Laboratory for Satellite Altimetry (LSA)
Ocean Surface Topography Science Team (OSTST)
The Ocean Surface Topography Science Team (OSTST) brings together international scientists to understand Earth’s oceans and their interaction within the climate system using ocean altimetry satellite observations. Since 1992, measurements of ocean surface topography have been provided by a series of U.S.-European satellite missions, which began with the TOPEX/Poseidon (1992-2005) mission and continued through Jason-1 (2001-2013), and OSTM/Jason-2 (2008-2019). At present, NOAA is partner in the most recent missions in this series, Jason-3, which was launched in 2016, and Sentinel-6 Michael Freilich (S6MF), launched in 2020. This international cooperation will extend into the early 2030s with Jason Continuity of Service (Jason-CS) mission on the two Sentinel-6 spacecraft (S6MF and Sentinel-6B).
Measurements of ocean surface topography from TOPEX/Poseidon, Jason, and Sentinel-6 satellite series have been instrumental in a wide range of oceanographic and climate studies, including observing and quantifying the rise and acceleration of the global mean sea level; improving our understanding of the ocean’s large-scale circulation and variability, understanding and prediction of interannual to decadal variability, characterization of the mesoscale eddy field, improving knowledge of the marine geoid and sea floor bathymetry, barotropic and internal tides, as well as supporting operational forecasts of regional currents, and hurricane intensity and marine wind and wave conditions. Many of those discoveries are made possible by the efforts of the previous OSTST members over the past 20+ years.
NASA and NOAA jointly select OSTST members of through a joint solicitation in Research Opportunities in Space and Earth Science. EUMETSAT and CNES make OSTST selections through a Joint Research Announcement (JRA). The NOAA Jason Program has supported OSTST investigations since 2017 to improve operational applications of altimetry including weather forecasting, hazardous waves, and the long-term sea level climate record. In Fiscal Year 2021 the NOAA Office of Ocean Exploration and Research provided matching funding through the National Oceanographic Partnership Program (NOPP).
2021-2024 OSTST NOAA Jason/Sentinel-6 Program Investigations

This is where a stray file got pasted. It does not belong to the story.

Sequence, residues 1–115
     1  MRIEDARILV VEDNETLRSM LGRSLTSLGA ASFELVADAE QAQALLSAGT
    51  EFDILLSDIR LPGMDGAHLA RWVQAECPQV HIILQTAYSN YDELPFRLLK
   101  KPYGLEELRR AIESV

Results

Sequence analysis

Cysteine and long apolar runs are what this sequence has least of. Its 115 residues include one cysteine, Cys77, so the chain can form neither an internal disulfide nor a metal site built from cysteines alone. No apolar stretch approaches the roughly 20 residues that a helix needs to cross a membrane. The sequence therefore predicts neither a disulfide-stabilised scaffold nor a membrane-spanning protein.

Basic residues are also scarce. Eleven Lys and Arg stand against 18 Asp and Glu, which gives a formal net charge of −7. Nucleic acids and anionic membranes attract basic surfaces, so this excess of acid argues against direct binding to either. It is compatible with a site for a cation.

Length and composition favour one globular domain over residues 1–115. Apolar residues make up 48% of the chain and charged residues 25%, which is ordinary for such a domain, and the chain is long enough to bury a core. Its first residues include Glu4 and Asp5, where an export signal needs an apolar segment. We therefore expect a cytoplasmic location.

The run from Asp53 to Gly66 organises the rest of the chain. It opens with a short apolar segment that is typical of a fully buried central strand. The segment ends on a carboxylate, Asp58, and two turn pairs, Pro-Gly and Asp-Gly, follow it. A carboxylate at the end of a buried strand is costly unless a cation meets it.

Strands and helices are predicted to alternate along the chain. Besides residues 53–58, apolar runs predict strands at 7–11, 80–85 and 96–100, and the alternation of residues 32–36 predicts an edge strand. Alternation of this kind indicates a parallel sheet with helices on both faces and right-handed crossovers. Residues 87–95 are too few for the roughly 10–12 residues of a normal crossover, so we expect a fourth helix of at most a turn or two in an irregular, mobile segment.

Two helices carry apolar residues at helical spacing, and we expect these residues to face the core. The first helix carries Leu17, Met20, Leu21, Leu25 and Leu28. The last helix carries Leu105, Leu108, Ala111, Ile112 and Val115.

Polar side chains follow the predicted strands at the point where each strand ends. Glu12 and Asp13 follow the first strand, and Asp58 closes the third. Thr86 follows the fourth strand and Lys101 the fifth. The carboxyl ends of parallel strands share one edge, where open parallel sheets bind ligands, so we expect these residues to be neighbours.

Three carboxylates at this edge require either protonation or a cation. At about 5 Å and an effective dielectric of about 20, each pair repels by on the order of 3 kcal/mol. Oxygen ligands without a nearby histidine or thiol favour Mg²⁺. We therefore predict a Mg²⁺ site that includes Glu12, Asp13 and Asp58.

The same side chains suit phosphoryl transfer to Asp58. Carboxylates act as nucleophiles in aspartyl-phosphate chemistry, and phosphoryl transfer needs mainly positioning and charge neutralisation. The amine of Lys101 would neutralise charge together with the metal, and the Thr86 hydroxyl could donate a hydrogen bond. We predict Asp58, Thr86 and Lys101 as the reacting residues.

|James Carton||University of Maryland||Improving Tropical Cyclone Intensity Forecasts by Assimilating Ocean Surface Drifter paths with altimeter sea level in a Coupled Atmosphere-Ocean Forecast System|
|Alejandro Egido||Global Science & Technology, Inc.||Towards an Improved Reconciliation of High- and Low-Resolution Ocean Altimeter Measurements Under Changing Surface Wave Structure Conditions|
|Sinead Farrell||University of Maryland||High-Latitude Multi-Altimeter Observations of the Arctic Ocean and its Sea Ice Cover|
|John Wilkin||Rutgers University||Mesoscale to submesoscale ocean state estimation by 2-way nested 4-dimensional variational data assimilation utilizing multi-mission nadir altimetry with supporting high resolution satellite and in situ observations|
2017-2020 OSTST NOAA Jason Program Investigations
|Don Chambers||University Of South Florida||Analysis of kinetic energy and structure functions from along-track and crossover altimeter data|
|Alejandro Egido||University of Maryland||Development of Fully-Focused SAR Altimetry for Oceanographic Applications|
|Sinead Farrell||University of Maryland||Altimetry of the Arctic Ocean and Subpolar Seas: Investigating Changes in Circulation and Dynamic Topography|
|Steve Penny||University of Maryland||Operational Ocean Data Assimilation to Improve Upper Ocean Current Estimates for Global Ocean Monitoring, Coupled Climate Forecasts, and Coupled Hurricane Forecasts|
|Douglas Vandemark||University of New Hampshire||Multi sensor air-sea interaction process studies using the satellite altimeter constellation|
Cooperative Institute for Satellite Earth System Studies (CISESS) Annual Reports
The OSTST meets annually to evaluate relevant mission activities such as data calibration and validation, data processing, and mission science objectives. It is also an opportunity for mission scientists to learn about other research and applications of ocean altimetry data from their colleagues, partners and other project members. Meeting presentations and reports are available from AVISO